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July



It may be raining and cold outside, but we say it’s the perfect time to do some gardening!

JULY IS THE MONTH TO PRUNE

What’s the deal with pruning? It’s simple: pruning encourages rejuvenation.

By removing dead or diseased branches, cutting off long, spindly branches and trimming dense plant growth, you’re allowing more light to penetrate all parts of the plant, increased levels of oxygen to circulate around your plants, and new, stronger shoots to sprout. This will boost the immune system of your plants and trees so they’ll suffer from fewer fungal diseases and fewer pesky insects can hide away from you.

Plus, it’s a great way to shape plants/trees/hedges and keep your garden looking neat and tidy, as well as the only way to keep your view unobstructed by overgrown trees and hedges.

Pruning tools:

Keep these tools and gardening aids handy for your pruning sessions

  • sharp secateurs
  • loppers
  • gloves
  • Lime sulphur
  • Steriseal

What to prune in July:

  • Deciduous fruit trees like peach, plum and apricot trees. They lose their leaves in winter so it’s easier to see which branches are diseased, old or weak. Read an article with more in-depth advice here.
  • Roses: Pruning your roses is important if you want to encourage bigger, better blooms. Just remember, if you live in the Western Cape, time your pruning between mid-July and the first week of August. Prune Hybrid roses, tea roses and miniature roses but wait to prune rambling roses until after they’ve flowered. When pruning roses, follow the DSTV rule:
    • D: deadwood. Always remove.
    • S: sickwood. Essential to prune.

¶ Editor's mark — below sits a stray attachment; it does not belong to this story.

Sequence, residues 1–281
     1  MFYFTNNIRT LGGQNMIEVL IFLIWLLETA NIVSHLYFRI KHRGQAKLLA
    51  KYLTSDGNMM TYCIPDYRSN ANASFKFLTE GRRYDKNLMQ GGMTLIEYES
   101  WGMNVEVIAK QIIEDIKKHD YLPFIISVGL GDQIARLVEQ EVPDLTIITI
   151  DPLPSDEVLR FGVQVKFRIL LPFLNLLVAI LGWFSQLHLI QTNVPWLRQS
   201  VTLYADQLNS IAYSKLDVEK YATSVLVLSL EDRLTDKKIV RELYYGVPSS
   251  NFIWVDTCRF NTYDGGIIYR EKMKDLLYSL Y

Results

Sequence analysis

• T: tiny, twiggy branches. Remove.
    • V: pruning in a v-shape allows sunlight in to the centre of the plant.

For more info on pruning your roses, watch this simple tutorial

  • Hydrangeas: Notoriously tricky, hydrangeas do well with a bi-annual pruning, one in summer and one now, in winter. Read an article with more in-depth advice here.
  • July is the time to prune summer and autumn flowering climbers and shrubs like cassia, clematis, golden shower, barleria, ribbon bush, wild dagga and westringia.
  • It’s also a good idea to pinch out the growing tips of sweet peas to encourage strong, bushy growth.
  • Cut off the old fronds on ferns to make way for new growth.

OTHER BITS FOR YOUR TO-DO LIST:

Plant & Sow:

  • Plant pansy and viola seedlings now in well composted beds. They’ll reward you with a burst of colour in late winter and spring.
  • Sow the following seeds now for colour in summer: alyssum, balsam, candytuft, linaria, Shirley poppies, impatiens, vygies and calendulas.
  • For a hearty winter meal, sow winter veggies, like cabbages, leeks, peas, turnips, carrots, radishes, beans, eggplant, pumpkin, broccoli, Swiss chard and Asian greens, which can all handle the wet, cold weather.
  • Make sure you get your lilium bulbs into the ground before the end of the month

Feed:

  • It’s time to feed all flowering plants with 3:1:5 to boost flower production.
  • Water camellias, azaleas and deutzia regularly to prevent bud drop. Also remember to keep the soil around these plants well mulched.
  • Feed spring and summer flowering bulbs with bulb food once every two weeks.
  • Fertilise hydrangeas with an application of 3:1:5 and compost.

 

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